Myanmar is one of the few destinations in Southeast Asia that has not yet been developed highly for tourism in terms of infrastructure and hotel accommodation, due to the political climate over time, and thus remains an authentic and highly interesting country to visit and explore. That said, in recent years, with the change in dynamic, a number of very good hotels have opened and the standard of comfort has certainly improved, however off the beaten track, one should still expect more basic options combined with incredible local experiences.

Better known by the former name of Burma, we are able to offer a wealth of opportunities to get under the skin of the country through interactions with all sorts of local personalities. Of course the famous temples of Bagan (a UNESCO World Heritage Site) are a 'must-include' on any itinerary as well as a short stay in Yangon, the capital, home to the famous golden Shwedagon Pagoda. This astonishing Buddhist Temple enshrines strands of Buddha's hair and other holy relics and is the most important attraction in Yangon and holds great importance to the people of the country.

In Central Myanmar, Shan State is home to farming tribes and this region is great for trekking too. More popular to visit are Inle Lake's picturesque shores, which have attracted a number of good hotel developments and it is definitely worth spending a few days here.

The northern regions can be more difficult to reach and only offer more rudimentary facilities - definitely for the more adventurous traveller - but with amazing options for hiking and plenty of history and culture to discover. Western Myanmar is home to Mrauk-U, a significant archaeological site as well as Mount Victoria National Park, which is great for bird life and has the highest peak in Myanmar within the park. Western Myanmar also presents superb opportunities to meet local people if you are willing to take some longer road journeys. Travelling around Myanmar in general involves a lot of travel by air and road and therefore if you really want to experience the country, it is best to plan a longer trip away.

Heading to the deep south, the pristine Mergui or Myeik Archipelago, boasts virtually untouched islands, which are home to the sea-dwelling Moken tribe. The Moken people are known for extreme free-diving and live a semi-nomadic hunter-gatherer lifestyle, heavily based on the sea, however as with so much in this world, they are under threat of diminishing as a people due to various factors but still utterly fascinating to think how they live their lives. This region is the perfect place to enjoy a relaxing stay on an island but if you don't have the time to travel there, there are also a couple of resorts with beautiful beaches to enjoy.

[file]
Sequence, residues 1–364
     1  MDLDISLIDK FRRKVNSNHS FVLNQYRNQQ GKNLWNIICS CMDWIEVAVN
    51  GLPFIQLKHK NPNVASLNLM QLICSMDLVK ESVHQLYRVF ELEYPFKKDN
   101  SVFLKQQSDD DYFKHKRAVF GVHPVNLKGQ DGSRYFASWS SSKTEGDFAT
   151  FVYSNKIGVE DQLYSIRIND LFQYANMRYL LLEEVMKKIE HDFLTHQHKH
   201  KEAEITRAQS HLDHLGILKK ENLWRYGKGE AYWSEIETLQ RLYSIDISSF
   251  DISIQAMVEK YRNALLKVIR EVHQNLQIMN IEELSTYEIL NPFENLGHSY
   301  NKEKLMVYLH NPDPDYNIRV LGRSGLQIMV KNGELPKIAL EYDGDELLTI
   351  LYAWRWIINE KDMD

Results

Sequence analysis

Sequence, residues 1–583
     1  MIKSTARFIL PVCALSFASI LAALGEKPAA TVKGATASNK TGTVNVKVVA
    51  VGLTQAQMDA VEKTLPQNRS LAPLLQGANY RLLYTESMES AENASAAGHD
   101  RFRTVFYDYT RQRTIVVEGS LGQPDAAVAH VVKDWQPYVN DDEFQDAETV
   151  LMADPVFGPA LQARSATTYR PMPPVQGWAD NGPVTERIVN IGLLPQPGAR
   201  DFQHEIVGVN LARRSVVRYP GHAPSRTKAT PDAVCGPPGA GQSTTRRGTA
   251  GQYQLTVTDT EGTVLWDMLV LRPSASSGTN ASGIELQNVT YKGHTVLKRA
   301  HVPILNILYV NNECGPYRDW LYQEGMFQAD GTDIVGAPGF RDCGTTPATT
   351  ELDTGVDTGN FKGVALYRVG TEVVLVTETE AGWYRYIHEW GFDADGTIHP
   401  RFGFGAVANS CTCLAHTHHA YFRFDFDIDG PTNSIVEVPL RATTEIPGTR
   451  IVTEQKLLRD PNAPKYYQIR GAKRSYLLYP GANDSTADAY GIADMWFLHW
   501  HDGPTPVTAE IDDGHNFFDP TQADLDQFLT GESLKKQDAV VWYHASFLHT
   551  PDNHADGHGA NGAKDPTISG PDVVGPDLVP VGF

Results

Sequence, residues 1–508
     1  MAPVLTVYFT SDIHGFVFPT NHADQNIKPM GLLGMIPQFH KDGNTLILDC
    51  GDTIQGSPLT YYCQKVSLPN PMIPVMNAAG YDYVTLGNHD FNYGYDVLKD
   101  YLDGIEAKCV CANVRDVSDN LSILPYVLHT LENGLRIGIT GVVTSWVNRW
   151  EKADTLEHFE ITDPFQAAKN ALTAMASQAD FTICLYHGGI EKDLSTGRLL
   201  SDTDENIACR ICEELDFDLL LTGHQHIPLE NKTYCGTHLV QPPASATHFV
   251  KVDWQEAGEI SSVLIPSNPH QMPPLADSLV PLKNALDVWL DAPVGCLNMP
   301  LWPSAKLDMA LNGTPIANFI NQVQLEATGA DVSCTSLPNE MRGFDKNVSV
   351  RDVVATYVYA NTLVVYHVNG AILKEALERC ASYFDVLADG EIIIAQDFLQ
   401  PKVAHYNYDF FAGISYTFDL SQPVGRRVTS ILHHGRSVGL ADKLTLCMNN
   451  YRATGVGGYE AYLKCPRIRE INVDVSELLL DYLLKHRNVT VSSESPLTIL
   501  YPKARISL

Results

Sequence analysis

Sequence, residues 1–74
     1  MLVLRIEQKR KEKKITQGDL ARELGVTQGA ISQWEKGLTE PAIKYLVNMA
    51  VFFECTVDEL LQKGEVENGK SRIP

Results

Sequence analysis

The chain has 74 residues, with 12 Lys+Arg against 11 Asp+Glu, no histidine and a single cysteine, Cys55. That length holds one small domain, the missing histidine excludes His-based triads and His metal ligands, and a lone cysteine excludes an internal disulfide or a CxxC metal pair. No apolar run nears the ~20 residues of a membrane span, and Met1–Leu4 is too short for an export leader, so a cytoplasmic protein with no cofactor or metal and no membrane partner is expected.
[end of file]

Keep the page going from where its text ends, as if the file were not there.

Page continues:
All in all, Myanmar is still one country in Asia where you can go and experience authentic rural and tribal communities, a deep history and fascinating culture that is still authentic in so many parts - but you must have a sense of adventure! There are luxury hotels to begin and end the journey but in between there is a whole mix in there and you will most certainly be welcomed with open arms as a visitor.

Please contact your Destination Specialist for more information on +44 (0) 1993 824198

Jan Feb Mar Apr May Jun Jul Aug Sep Oct Nov Dec Annual
Temperature Avg
Precipitation Avg
Precipitation (Avg Days) 2 0 2 8 22 29 31 31 29 24 7 3 188

Myanmar certainly has a distinctive dry and wet season weather split; the very best time to visit is November through to February, although these are the busiest times and so visiting on the months either side can be ideal. Read More

Myanmar certainly has a distinctive dry and wet season weather split; the very best time to visit is November through to February, although these are the busiest times and so visiting on the months either side can be ideal. Many parts can also be visited during green season too, but not all as some areas become inaccessible. In the post monsoon months (October through to December / January) temperatures can drop up in the hills and can get quite chilly at night.

The temperatures above are based on the west, lower central and south regions. The north, upper central and eastern regions have two different climates prevailing: the tropical savanna climate and semi-arid climate. The average annual temperature for Myanmar is 31° degrees C and there is about 864 mm of rain in a year. It is dry for 170 days a year with an average humidity of 69%.

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